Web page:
The finale hints at the same sources of inspiration, but this time it is the corresponding movement from the little-known First Sonata of Chopin (Op 4) that comes to mind. A chordal first subject leads to a canonically conceived contrasting theme. The strength of Classicism’s hold is evident in Bowen’s choice of a repeated exposition even in this context. The eventual recapitulation leads unexpectedly to an Allegro con fuoco return of the opening movement, still resolutely in the minor mode and concluding with a terse concentration at odds with certain other passages of the work.

Although one could make a credible case for the first three sonatas as successive attempts to realize a single underlying intention, the Piano Sonata No 3 in D minor Op 12 (dated August 1912 in the manuscript) demonstrates a significant advance over its predecessors. Fondness for compound duple time is carried over from the finale of No 1 and first movement of No 2, but, although there is still no shortage of virtuosity, this music achieves greater expressive depth. A perceptible narrative quality now recalls another cornerstone of Chopin’s output in this time signature, his Ballades. The twenty-eight-year-old Bowen succeeds remarkably in sustaining a driving momentum across an imposing span of music while conjuring telling contrasts between the moods of its principal subjects (one restlessly impatient, the other placidly songful). The harmonic language soon suggests a shrewdly selective awareness of Debussy, evidenced by an elliptical shift into C major some twenty-two bars into the movement, at once subtle in conception and vivid in effect. The time signature’s regularity heightens a couple of telling rhythmic displacements in the hectic coda before another terse conclusion.

The second movement, a faintly enigmatic idyll in the key of F and a more extended statement than its counterparts in the earlier works, marks the true onset of a characteristic personal voice. Its opening articulation of the tonic triad leads into a songful ternary movement. A Poco mosso D major central section rises to an opulent but, this time, admirably restrained climactic passage. Here Bowen’s true purpose is to place quiet focus on the progressive withdrawal of the recapitulatory final section. Its later stages suggest a possible source of inspiration for Month’s Mind, one of John Ireland’s more autumnal and valedictory mood pictures for piano solo, written and published in 1935. Hints of the first movement’s harmonic character lend added unity to the unfolding work. The closing bars of this movement feature a striking momentary migration towards A major, opening an abrupt window onto a hitherto unsuspected interior landscape and then quietly closing it again, as in the last of Schubert’s Moments musicaux. By 1912 Bowen’s first three piano concertos and his Viola Concerto lay behind him. The decade since the earlier piano sonatas therefore represents a considerable advance in technical and poetic assurance. This does not wholly prevent the finale from falling a little below the achievement of the preceding movements (hardly a new problem in compositional history): its barnstorming pianism fails wholly to dissemble a certain monotony of harmonic pacing, and one senses that this is something the older Bowen was to manage better, because on a more concentrated scale, in the 24 Preludes (completed before the outbreak of the Second World War but published in 1950) which together constitute arguably his most celebrated work.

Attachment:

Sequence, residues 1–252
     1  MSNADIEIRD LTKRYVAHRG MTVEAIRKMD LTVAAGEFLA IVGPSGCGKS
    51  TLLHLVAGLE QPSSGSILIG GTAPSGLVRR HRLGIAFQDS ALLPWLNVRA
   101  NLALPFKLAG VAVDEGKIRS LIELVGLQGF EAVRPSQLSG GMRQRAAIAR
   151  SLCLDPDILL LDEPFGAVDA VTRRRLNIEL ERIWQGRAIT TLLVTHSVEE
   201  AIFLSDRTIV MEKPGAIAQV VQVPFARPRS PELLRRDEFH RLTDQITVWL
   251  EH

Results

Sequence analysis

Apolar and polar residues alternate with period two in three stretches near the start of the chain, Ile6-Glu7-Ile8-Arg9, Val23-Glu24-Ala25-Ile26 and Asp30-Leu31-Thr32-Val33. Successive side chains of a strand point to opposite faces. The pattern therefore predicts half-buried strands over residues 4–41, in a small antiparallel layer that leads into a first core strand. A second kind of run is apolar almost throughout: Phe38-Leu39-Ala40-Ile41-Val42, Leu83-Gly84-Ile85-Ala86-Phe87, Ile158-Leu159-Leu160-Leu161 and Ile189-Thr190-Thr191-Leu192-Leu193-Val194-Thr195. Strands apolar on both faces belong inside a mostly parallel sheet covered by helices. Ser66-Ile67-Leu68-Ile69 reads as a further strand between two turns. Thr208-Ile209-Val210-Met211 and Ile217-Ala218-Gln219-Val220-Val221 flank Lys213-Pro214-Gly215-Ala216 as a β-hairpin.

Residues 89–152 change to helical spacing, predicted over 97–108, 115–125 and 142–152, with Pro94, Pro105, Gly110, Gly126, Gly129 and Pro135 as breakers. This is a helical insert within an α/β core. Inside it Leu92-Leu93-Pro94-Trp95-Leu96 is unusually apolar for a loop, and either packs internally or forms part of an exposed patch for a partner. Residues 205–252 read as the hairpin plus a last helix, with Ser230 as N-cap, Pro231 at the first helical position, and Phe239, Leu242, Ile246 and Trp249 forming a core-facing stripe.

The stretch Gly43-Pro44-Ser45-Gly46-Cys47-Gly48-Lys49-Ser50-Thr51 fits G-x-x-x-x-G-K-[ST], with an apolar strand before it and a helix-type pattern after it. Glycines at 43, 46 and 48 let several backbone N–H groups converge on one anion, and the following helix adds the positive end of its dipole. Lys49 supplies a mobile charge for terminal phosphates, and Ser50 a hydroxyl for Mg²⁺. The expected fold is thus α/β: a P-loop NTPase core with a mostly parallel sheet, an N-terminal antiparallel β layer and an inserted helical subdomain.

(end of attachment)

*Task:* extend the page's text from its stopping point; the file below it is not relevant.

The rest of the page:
Mystery surrounds the Piano Sonata No 4, Op 35 No 3, listed in some sources as a publication (undated) by the firm of Joseph Williams but never found. Allegedly subtitled Sonatina, it is distinct from the Short Sonata in C sharp minor Op 35 No 1 (confusingly, a work given no number by Bowen within the sequence of his sonatas). In effect, however, the Short Sonata takes the place of the elusive ‘No 4’.